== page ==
THE WRECK OF' THB SCHOONER "HELEN"
A marine era ended almost unnoticed on September 20th. 1921. When the two masted Schooner "HELEN" foundered during gale force winds on the last vestige of "Oshawa Island," l ¼ miles East of Oshawa Harbour on the North Shore of Lake Ontario. After 3 days of merciless pounding, the aging vessel finally succumed to the breakers racing across what is now the Darlington Shoals. This 70 ft. Schooner was the last of the "Stone-Hookers" to operate on the Great Lakes. While researching the "Helen" incident as a possible "diving target," I uncovered a story of one man and his ship that I am sure readers will find both touching and unique.
From 1850 to 1900, fleets of "Hookers" were owned and operated on a family,, or partnership basis, throughout the Great takes. On calm summer days it was commonplace to see several of these sturdy little vessels anchored below Oshawa's lakefront headlands. The rocky shoals below Bonnie Brae and Stevensons Points being prolific areas for "stone-hooking" during this period. Due to the extremely hazardous nature of this occupation, for both ship and crew, these small Schooners could only operate during relatively calm lake conditions. During windy periods, they could often be seen "wind-bound" in North Shore Harbours and shore-ponds -- waiting out even a moderate blow.
Anchoring the "Hooker" close to a boulder strewn reef, the crew would pole or scull a flat bottomed scow into the reefs shallows. When the bottom was visible from the surface, a 2 pronged implement called a "stone-rake" was manipulated under a fair sized boulder, this would be hauled to the surface and piled on the scow. Once loaded to capacity, the scow would return to the anchored Schooner, and the "hard-heads" transferred into the vessels hold. This back-breaking task continued until the Schooner had a full cargo of stone. Then, usually with very little free-board, and the heavily laden scow in tow, the vessel would sail to one of the many burgeoning lake-shore communities, where Harbours and docks were being constructed to attract trade and conmnerce into their areas. Pulling alongside a partially constructed dock or break-water, the cargo of "hard-heads" were manhandled overboard into the massive wooden cribbings that were used in dock and pier construction during this period.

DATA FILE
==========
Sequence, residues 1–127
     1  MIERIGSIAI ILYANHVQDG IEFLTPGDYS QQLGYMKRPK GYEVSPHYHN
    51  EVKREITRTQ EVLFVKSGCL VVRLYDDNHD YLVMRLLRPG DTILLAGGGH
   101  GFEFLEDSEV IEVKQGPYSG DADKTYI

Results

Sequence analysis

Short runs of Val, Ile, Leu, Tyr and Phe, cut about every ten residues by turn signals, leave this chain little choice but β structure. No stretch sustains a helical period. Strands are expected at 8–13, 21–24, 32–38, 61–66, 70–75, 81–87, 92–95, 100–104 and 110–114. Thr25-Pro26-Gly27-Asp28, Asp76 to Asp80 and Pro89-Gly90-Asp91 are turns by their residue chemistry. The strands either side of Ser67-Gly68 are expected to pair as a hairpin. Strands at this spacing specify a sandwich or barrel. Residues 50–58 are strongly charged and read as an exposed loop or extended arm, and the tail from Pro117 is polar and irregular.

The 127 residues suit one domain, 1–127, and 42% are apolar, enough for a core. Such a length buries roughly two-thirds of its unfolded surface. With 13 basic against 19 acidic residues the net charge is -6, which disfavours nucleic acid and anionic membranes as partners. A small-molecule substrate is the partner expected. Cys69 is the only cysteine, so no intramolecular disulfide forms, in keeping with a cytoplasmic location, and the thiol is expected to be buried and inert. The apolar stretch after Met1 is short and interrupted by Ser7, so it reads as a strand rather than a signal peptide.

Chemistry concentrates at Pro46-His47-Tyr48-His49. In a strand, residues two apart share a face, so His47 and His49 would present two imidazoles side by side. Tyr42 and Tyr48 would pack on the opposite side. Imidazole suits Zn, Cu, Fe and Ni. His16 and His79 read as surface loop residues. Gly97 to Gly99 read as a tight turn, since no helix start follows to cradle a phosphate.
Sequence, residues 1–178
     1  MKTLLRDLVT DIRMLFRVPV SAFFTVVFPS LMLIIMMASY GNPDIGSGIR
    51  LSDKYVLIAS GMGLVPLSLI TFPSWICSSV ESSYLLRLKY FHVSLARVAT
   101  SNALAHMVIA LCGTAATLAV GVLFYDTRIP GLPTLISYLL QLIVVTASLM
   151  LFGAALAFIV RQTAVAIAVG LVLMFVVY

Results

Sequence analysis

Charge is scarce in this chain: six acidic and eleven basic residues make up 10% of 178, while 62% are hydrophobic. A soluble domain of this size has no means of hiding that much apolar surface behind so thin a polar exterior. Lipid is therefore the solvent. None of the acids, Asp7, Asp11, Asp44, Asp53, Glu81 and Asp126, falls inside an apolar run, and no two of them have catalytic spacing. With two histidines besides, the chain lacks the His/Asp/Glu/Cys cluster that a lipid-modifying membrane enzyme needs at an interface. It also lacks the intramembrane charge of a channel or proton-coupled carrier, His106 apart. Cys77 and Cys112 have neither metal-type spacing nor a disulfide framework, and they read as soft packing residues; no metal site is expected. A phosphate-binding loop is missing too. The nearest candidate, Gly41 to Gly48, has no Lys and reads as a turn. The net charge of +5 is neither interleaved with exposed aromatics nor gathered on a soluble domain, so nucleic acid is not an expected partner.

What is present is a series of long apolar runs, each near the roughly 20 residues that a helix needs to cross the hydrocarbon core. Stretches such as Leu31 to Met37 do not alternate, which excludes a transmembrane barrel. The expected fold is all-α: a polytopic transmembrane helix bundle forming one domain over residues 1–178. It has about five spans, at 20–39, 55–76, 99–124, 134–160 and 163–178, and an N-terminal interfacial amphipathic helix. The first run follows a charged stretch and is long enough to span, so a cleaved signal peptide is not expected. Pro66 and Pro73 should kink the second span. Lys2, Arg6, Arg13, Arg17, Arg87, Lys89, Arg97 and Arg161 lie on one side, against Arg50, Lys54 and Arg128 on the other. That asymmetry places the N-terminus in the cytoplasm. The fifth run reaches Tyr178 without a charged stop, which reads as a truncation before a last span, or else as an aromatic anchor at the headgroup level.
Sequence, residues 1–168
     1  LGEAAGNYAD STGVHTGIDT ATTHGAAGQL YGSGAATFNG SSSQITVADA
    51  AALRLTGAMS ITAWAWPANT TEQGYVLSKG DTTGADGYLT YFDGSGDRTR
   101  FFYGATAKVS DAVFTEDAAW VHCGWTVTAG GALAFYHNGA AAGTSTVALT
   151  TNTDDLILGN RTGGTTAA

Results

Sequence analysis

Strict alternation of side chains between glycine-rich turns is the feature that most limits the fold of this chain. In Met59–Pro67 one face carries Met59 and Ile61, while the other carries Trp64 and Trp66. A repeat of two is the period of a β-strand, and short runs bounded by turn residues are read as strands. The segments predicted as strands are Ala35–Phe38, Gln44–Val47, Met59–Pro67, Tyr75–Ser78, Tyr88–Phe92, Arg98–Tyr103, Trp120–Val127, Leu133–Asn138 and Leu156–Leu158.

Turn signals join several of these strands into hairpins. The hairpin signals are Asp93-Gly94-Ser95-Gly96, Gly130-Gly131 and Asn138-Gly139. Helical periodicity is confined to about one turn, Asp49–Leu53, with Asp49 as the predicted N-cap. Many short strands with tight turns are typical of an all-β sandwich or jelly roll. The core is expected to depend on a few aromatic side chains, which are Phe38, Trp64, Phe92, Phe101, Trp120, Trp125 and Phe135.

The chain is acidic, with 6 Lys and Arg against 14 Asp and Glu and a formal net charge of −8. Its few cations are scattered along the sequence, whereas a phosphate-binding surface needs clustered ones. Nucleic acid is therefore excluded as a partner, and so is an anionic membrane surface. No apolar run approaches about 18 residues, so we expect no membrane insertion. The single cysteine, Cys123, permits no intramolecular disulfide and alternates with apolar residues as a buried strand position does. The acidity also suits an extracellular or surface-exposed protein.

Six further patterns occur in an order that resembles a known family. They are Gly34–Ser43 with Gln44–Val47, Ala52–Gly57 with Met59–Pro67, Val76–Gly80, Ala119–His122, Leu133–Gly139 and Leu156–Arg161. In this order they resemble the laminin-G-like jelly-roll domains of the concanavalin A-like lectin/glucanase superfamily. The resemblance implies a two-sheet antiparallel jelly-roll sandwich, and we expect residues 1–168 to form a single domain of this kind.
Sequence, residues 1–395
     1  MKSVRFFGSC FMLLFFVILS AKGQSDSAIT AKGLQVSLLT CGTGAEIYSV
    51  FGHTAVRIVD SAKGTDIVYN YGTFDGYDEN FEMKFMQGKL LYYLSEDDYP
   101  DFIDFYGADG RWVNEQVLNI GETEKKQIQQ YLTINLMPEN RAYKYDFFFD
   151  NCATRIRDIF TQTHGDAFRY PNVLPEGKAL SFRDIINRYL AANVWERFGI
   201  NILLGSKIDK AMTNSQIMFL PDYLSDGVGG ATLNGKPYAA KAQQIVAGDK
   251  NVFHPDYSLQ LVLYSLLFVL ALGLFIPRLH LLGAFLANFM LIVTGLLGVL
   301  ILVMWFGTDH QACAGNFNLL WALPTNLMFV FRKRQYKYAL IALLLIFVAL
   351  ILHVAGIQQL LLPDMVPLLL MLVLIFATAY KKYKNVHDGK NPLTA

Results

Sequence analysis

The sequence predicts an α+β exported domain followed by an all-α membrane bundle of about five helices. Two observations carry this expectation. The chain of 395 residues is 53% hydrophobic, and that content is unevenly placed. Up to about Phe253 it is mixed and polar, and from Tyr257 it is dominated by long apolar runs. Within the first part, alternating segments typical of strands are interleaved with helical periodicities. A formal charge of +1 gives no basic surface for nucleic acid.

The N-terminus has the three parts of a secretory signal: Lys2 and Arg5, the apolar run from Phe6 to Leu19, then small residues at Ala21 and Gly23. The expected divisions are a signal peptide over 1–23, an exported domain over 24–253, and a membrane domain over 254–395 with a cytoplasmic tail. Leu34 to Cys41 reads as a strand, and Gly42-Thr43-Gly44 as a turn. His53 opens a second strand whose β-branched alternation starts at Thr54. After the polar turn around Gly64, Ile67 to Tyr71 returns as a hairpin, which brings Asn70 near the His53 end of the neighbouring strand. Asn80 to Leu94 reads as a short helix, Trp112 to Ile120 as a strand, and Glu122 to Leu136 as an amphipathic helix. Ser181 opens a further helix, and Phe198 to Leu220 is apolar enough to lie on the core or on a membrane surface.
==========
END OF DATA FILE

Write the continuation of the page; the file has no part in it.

Hard pressed financially as freight and passenger bookings dropped off alarmingly due to the increasing competition from the more reliable steam-ships and railroads, Many proud and independent Schooner/Owner Captains were eventually forced into the lowly "Stone-Hooking" trade for a livelihood. Being compelled to help in the construction of deeper Harbours and break-walls, to protect their nemesis -- the Steam-Ship, was a bitter pill for many Schooner Captains to swallow.
The final blow to the "Stone-Hookers" came with the development of new techniques in concrete dock construction, making the relatively short-lived wooden cribbings obsolete. Another factor in the demise of the "Stone-hookers", was the public outcry during this period for smoother road surfaces. This resulted in the demand for beach cobble-stones dropping off. During the era of the Stone-Hookers" thousands of tons had been scooped out of Lake Ontario's shore-line shallows for paving Toronto streets and side-walks. The Schooner "HELEN" survived these changes long after her counter-parts had disappeared from the Great Lakes due to the far-sightedness of her owner/Captain; John Goldring of Newcastle, Ontario. It is a pleasure to relate the story of this remarkable man and his long forgotten ship. later in this article, I will describe the
"chain of events" that led to the discovery of the wreck-site in 1964.
The Schooner "HELEN" was born at a small ship-yard near Long Point, Lake Erie. She was christened the rather disenchanting name "J. J. Pugsley" by her original owners. Birthdate unkown, but circa 1870. Young John Goidring acquired the vessel in 1872, during his travels on the upper Great Lakes as a Schooner seaman. To eliminate confusion, it should be mentioned, that John Goldring was the elder half-brother of